Name: St. Sebastian
Date: March 11, 2016
Time We Ate: 5:30 PM
Random review of #fishburgh adventures during Lent. Find a fish fry on this Google maps collection. You can also follow them on Facebook and find tons of reviews and suggestions. Here is our general criteria:
In review, the factors we assess or review include:
- Atmosphere/Volunteer Friendliness/Engagement
- Menu: variety, portions, taste and price
- LGBTQ cultural competency
- Ecofactors such as reusable/disposable items, recycling bins, takeout containers
The parish of St. Sebastian is tucked behind our favorite Starbucks in Ross Township (on Siebert Road.) We often see parishioners and students trickling into the coffeehouse so our general impression was that it was a semi-affluent suburban parish with a school, but located at a cruddy intersection when it came to traffic.
We opted to give it a try this week because we were both exhausted, hungry and wanted something simple. A fish fry required few decisions, so it seemed ideal. I visited the website and was heartened to see that they not only took credit cards, but had curbside take-out service. These folks must be efficient!
When we arrived, we looped around a giant circuitous loop dug into the hillside and found ourselves talking to a guard. He directed us to the upper parking lot, but told us we would have to back out onto Siebert Road and make a left. During rush hour. On a Friday. Around sunset. Those of you familiar with the North Hills realize the futility of that effort, so we had to turn right and go back down on McKnight Road to approach from the correct angle. I was annoyed, so Laura left me out to go get us table while she managed parking duties.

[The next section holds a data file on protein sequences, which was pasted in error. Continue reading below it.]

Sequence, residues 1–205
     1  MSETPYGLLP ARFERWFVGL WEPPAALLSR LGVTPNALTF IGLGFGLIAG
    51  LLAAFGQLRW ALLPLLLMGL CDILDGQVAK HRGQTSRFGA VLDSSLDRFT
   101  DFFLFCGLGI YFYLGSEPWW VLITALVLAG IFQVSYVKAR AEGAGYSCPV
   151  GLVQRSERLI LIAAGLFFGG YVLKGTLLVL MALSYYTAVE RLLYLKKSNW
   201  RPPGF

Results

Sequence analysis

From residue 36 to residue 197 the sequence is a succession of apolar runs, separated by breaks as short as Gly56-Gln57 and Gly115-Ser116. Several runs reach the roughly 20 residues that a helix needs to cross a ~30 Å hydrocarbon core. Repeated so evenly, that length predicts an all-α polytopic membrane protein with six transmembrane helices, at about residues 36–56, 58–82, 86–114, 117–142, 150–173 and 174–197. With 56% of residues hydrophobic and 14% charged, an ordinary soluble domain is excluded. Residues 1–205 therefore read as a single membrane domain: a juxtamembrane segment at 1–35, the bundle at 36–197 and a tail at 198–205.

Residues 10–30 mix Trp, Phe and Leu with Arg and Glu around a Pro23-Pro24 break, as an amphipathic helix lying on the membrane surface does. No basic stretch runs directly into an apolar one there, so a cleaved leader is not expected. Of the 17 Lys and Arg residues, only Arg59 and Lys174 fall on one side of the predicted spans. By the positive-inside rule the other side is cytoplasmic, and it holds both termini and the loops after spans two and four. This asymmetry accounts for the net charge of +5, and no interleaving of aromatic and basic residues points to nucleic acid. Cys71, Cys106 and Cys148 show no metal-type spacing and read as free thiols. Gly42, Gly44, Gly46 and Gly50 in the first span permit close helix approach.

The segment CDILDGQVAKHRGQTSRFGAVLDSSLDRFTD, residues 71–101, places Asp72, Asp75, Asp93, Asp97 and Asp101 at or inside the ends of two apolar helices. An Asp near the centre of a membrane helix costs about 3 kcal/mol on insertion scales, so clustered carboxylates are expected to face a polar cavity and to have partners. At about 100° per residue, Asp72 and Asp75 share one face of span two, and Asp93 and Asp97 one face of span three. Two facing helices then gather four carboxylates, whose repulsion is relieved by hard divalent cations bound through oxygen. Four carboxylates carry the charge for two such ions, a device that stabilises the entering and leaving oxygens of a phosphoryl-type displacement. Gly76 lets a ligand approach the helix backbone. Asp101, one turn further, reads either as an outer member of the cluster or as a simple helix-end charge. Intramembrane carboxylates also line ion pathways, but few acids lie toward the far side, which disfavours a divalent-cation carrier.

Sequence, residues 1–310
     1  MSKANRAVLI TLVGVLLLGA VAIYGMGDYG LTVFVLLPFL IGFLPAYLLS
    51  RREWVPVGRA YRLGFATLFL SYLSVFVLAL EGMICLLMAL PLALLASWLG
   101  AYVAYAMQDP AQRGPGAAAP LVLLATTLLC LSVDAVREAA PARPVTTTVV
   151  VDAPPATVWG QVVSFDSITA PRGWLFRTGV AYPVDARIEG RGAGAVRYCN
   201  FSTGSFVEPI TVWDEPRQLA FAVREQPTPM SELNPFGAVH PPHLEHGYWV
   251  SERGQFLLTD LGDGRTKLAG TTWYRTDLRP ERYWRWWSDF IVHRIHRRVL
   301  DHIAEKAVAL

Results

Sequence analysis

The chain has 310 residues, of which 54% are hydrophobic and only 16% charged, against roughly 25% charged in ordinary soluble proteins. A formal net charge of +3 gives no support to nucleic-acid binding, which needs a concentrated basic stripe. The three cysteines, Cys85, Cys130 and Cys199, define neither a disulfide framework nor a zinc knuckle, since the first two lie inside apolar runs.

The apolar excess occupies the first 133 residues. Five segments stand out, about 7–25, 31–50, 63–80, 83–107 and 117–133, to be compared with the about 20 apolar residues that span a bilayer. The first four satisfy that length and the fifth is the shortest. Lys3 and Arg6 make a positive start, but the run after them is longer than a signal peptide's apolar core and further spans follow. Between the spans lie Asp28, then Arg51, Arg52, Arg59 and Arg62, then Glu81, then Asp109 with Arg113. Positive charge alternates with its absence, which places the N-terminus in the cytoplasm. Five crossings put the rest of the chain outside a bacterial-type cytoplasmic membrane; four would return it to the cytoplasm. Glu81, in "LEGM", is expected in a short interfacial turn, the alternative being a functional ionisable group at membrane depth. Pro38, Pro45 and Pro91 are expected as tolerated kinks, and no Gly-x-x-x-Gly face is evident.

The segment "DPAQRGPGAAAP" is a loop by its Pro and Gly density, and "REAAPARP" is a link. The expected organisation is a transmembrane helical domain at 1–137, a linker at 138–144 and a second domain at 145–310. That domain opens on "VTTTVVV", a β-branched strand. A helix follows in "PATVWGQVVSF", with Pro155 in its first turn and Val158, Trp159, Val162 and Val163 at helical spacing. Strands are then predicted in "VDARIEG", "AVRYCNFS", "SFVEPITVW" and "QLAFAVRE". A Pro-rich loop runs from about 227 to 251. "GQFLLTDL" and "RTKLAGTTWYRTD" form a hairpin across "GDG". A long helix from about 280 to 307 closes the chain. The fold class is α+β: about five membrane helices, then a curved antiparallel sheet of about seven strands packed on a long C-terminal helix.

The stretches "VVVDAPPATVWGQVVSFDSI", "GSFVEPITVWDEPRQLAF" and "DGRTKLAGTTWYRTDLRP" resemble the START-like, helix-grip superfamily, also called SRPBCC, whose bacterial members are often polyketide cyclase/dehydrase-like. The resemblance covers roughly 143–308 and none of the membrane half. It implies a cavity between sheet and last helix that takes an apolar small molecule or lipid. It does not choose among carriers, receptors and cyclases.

Young women were posted at the door to the school and told me which general direction to walk. The entrance took me past several elementary school classrooms which were festively decorated with all sorts of material. I saw that several classrooms had prominent signage stating that they were nut free rooms. And otherwise, I just kept walking forever until I found some stairs and descended.
This elementary school is bigger than my public high school was. So I walked into a cafeteria entrance and saw a big beautiful board with all of the food options and the helpful arrows pointing out which items went best with what. One young woman was staffing a station selling fruit in a bag and another young man was supposed to be selling pop and bottled water for some class trip, but he was less than enthused. God Bless the children.
The pay station was great. We could use debit or credit. All I had to do was pay and identify my main dish. Then I would walk my order form to the next station.
Ledcat was still parking, but we had previously discussed our choices so I decided to brazenly go ahead and walk by myself into the cafeteria.
The food choices were pretty standard – fried or baked fish or shrimp. Choice of pierogies, fries or macaroni & cheese, also a choice between applesauce and cole slaw. Everyone received a serving of vegetables. The $10/meal price also included a choice of water, lemonade or iced tea. Extra side dishes were available for purchase as well.
I walked into the cafeteria proper and was overwhelmed by the smell of fried fish and the enthusiasm of Catholic school parents. The place was about 50% full and it didn’t take long for me to figure out where to get in line. Apparently, we were doing it real cafeteria style – no servers here. I was a little worried about being able to balance a tray (when I’m tired, my hands tremor a lot) but I figured I could ask for help from the adults and surely they would draft a reluctant but able-bodied young person to carry my tray for me. Then Ledcat arrived and found me using our secret lesbian detection system.